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So here are some follow up photos of my money pit :D

ImageUploadedByMO Free1407017449.609270.jpg
ImageUploadedByMO Free1407017467.704637.jpg
ImageUploadedByMO Free1407017477.091246.jpg
ImageUploadedByMO Free1407017487.680412.jpg

Pretty much every sqft needs some form of work in some way, shape, and form.

Although it looks bad, the bones on this 100yr old bird are actually pretty good. Decent lot, and a HUGE garage which is something I'm excited about.

Hopefully I can get to an 80% solution over the next 60days and without going over budget by 2x-3x like Stig mentioned (as I would have to declare bankruptcy :eek:)
 

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I maintain 3 buildings with 146 suites on a huge lot.
Feeling what you guys are going through somewhat. :)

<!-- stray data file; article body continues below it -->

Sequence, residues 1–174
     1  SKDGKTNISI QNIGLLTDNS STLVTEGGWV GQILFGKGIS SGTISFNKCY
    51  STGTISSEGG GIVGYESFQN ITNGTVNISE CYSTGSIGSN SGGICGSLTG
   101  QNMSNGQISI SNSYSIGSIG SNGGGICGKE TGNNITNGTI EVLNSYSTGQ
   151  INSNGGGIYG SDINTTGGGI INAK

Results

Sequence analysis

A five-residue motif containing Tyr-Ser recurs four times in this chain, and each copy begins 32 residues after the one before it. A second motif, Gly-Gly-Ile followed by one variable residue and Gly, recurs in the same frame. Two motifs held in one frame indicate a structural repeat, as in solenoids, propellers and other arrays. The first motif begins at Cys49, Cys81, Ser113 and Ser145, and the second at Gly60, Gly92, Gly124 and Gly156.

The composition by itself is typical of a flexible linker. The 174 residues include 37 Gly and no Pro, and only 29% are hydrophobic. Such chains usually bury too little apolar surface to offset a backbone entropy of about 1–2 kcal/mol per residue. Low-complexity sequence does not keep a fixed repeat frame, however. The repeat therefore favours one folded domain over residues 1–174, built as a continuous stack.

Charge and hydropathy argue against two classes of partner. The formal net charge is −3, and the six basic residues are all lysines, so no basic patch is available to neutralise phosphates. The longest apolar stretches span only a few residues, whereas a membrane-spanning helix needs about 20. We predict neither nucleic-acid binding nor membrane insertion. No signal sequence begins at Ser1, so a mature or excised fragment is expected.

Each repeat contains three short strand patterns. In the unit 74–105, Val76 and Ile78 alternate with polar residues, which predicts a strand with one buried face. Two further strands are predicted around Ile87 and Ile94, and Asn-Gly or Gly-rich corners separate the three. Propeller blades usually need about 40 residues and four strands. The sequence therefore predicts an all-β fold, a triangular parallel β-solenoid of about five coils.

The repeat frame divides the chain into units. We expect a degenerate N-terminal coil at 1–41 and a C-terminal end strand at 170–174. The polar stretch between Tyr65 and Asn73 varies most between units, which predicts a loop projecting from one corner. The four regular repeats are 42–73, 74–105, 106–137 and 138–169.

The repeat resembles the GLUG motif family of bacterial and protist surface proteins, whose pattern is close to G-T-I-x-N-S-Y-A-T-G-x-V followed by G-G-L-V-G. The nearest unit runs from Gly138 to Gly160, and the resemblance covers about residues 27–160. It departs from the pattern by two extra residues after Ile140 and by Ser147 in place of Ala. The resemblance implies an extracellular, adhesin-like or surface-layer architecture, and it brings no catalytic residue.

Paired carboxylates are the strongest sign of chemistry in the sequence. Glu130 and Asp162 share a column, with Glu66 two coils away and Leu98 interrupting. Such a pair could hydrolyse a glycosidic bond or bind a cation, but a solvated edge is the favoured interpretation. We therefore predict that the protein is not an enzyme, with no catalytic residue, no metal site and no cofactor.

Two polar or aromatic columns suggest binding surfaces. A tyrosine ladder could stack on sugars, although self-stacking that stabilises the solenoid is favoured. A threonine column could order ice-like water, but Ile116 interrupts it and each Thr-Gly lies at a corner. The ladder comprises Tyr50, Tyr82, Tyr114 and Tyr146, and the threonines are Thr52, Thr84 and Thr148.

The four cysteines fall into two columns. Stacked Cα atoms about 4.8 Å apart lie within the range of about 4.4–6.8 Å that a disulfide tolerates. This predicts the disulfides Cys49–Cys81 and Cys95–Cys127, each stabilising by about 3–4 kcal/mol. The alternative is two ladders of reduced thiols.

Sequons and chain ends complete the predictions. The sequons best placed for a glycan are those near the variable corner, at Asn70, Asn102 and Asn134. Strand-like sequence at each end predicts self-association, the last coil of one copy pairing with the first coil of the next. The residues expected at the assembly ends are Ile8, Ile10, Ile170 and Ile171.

Renos are a big part of what I do on site.

Oh Wow...how I wish my projects were like that :(
 

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Our home started out a lot like your's weyrauchRC51. Every surface was in need of replacement and upgrading. Lots of insulation and vast amounts of labour went into it.
I learnt how to plaster too in the process. Today we're still at work (Albeit much slower).
Jondog's helped me out forwarding a couple of things from the States which we couldn't get here - and it's taken us 6 months to make an en suite shower room (nearly finished...!)